As the rainclouds began to overtake the sunny skies on a hot summer day, Washington, D.C.-based fashion designer Philip Hawthorne expressed both anxiety and excitement over his upcoming presentation at the 2011 Baltimore Fashion Week.
“I’ve been so busy getting ready for the show for the last couple of months,” says the designer who describes himself as a man of many talents when it comes to the arts. “But I’m ready for it!”
On Sunday, Hawthorne, who is gay, will be among several fashion designers to show off his latest collection to the fashion press, buyers and the general public at Baltimore Fashion Week taking place August 18-21 at Harbor East. This year’s theme is “the Mystique of Fashion,” and will include international designers from Ireland and France.
The path to Baltimore Fashion Week has been in the works for many years for the designer. “I have been designing since I was 5 years old, I basically grew up around fashion,” Hawthorne says. His mother, Carolyn, has been a dressmaker and seamstress for more than 40 years and he recalls sitting under her sewing machine for hours, “watching her make at the time what I thought was magic.”
Hawthorne, armed with a strong emerging talent, would find himself consulting his mom’s clients on the outcome of their outfits. “I would sketch out something and they would love it.” In high school, he majored in drawing and black and white photography and is now in his second year at the Art Institute of Washington majoring in fashion and retail management.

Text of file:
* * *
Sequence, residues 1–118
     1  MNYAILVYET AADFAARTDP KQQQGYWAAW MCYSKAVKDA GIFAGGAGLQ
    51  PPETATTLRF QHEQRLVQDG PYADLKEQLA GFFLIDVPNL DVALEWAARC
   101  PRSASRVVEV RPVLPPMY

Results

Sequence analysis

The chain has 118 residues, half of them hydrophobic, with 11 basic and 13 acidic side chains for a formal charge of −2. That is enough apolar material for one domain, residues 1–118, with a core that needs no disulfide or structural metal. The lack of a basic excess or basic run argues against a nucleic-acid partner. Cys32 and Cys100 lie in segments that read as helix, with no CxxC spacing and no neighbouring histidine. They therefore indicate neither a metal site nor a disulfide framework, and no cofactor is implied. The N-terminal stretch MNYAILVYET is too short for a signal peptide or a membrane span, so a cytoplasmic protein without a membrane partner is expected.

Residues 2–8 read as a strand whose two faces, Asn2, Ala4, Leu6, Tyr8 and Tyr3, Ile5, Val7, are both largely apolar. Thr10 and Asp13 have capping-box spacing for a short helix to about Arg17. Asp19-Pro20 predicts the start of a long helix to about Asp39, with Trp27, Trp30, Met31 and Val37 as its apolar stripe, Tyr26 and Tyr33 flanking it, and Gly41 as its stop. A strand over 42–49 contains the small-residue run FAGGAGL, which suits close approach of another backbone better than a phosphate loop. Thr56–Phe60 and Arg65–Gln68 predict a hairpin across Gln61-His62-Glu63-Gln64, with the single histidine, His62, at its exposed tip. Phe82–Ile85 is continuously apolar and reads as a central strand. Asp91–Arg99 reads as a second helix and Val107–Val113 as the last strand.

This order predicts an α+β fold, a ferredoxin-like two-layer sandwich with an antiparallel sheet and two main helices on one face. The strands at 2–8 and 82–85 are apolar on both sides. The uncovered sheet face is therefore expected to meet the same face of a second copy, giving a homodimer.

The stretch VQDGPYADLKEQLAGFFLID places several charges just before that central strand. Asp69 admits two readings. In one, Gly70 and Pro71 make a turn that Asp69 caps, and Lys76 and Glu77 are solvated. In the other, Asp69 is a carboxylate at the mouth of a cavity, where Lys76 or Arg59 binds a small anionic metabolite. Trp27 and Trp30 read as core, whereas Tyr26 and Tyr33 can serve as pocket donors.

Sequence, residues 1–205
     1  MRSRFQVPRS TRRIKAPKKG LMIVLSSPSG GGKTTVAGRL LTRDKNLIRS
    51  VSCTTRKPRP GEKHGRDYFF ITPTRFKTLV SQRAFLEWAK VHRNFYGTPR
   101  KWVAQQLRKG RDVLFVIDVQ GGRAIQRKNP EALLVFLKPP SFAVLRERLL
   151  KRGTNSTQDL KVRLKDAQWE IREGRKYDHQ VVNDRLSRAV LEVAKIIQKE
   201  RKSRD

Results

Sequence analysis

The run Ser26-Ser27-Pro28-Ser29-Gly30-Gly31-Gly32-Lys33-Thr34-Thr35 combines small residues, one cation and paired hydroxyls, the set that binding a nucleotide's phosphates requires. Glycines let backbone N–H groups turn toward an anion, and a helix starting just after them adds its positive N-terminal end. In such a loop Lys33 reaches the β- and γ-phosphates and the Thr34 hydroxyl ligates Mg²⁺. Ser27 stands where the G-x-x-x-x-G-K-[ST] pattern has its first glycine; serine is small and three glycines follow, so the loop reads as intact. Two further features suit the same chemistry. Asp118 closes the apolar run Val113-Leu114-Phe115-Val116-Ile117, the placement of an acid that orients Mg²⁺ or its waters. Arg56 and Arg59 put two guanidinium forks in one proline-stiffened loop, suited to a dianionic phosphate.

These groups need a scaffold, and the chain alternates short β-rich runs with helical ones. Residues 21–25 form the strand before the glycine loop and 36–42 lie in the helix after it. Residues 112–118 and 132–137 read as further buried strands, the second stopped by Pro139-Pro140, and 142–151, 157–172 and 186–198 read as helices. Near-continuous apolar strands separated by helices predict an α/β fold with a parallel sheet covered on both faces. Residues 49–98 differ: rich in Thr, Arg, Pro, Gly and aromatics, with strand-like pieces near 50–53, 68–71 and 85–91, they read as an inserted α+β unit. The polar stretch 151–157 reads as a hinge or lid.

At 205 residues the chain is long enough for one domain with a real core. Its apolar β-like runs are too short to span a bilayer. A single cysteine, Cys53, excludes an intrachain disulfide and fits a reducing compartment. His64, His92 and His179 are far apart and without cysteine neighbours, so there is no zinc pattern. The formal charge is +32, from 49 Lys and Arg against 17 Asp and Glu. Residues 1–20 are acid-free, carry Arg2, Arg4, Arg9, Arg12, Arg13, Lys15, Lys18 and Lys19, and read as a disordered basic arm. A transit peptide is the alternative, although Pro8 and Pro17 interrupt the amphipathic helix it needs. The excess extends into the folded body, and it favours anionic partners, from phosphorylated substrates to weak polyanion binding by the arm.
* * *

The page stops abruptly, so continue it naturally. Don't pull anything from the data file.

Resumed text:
“Effortless, classic and elegant” is how Hawthorne describes his current collection and personal style, whether he’s wearing jeans and a deep v-neck or a nice pair of slacks with a vest or a sweater. “Relaxed fit jeans and slim/straight leg pants for men and the Grecian couture look for women,” are what he prefers.
On a rooftop overlooking the city, he shared a preview of his collection. “I love vintage and period pieces,” he says. “So when you see my dresses you can see a modern version of something that may have been worn in the ‘20s and ‘30s.”
In fact, his collection seems to borrow from the power suit that Yves Saint Laurent feminized in the 1970s, which was inspired by the fashion icon Katharine Hepburn during the ‘30s and ‘40s. Hawthorne wants to bring a modern twist to that. Not only is he debuting a 20-piece collection that ranges from sportswear and high fashion, he will debut as a menswear designer — all in one show. That is a feat that can be very stressful for any designer at any level. Very few top designers such as Marc Jacobs or Rick Owens show their men’s and women’s collections all in one show. “It’s a great challenge,” says the Baltimore native.